Art comes in many forms.From the mind-boggling adventures of Surrealism to the beautiful landscapes of the Hudson River School, every genre of art has its own unique appeal.
One of the most mystifying, emotional, and beautiful genres is Romanticism. The word romantic comes from 18th -century English, and originally meant "romance-like", referring to anything resembling fanciful medieval romances.Later on, the word evolved into an association with the newly emerged hunger of the populace for wild scenery, ruins, and sublime prospects.
This hunger stemmed from an emphasis in the art world on the sublime instead of the beautiful. Writer and statesman Edmund Burke thought of beauty as "delicacy and harmony", and viewed the sublime as "vastness, obscurity, and a capacity to inspire terror".In the 18th century, reason was abandoned for emotion in both literature and ethics.The leaders in this'Emotional Evolution' were French novelist Jean Jacques Rousseau, English poet and painter William Blake and the Spanish artist Francisco Goya. In France, romanticism went through its early stages at the same time as the Napoleonic Wars were fought (1799-1815).Thefirst French romantics were inspired by the events of the wars, and the reaction of the general populace as the wars were going on.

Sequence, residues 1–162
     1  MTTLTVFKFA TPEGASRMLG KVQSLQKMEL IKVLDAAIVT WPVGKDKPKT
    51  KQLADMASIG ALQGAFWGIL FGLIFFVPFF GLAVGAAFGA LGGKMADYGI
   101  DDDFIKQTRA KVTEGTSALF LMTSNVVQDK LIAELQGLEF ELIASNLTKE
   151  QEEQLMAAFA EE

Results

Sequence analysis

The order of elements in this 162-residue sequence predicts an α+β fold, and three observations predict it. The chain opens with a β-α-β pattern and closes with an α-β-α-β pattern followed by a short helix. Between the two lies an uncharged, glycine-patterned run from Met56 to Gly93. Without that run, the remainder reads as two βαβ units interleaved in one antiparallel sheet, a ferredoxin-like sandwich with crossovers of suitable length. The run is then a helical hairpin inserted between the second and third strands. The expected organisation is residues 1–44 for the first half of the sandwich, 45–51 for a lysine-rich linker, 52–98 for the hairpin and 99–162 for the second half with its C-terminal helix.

Antoine Jean Gros went from neoclassicism to romanticism by abandoning the sober style of his teacher and embracing the influence of the colorful and emotional style used by Flemish baroque painter Peter Paul Reubens.Gros developed his own style of painting through a series of battle paintings, which glorified Napoleon.The driving force for French romanticism was Theodore Gericault.Gericault took dramatic color and emotion to the extreme, and switched the emphasis of battle paintings from heroism to pain and suffering.In Wounded Cuirassier (1814) Gericault uses powerful brushstrokes and light and…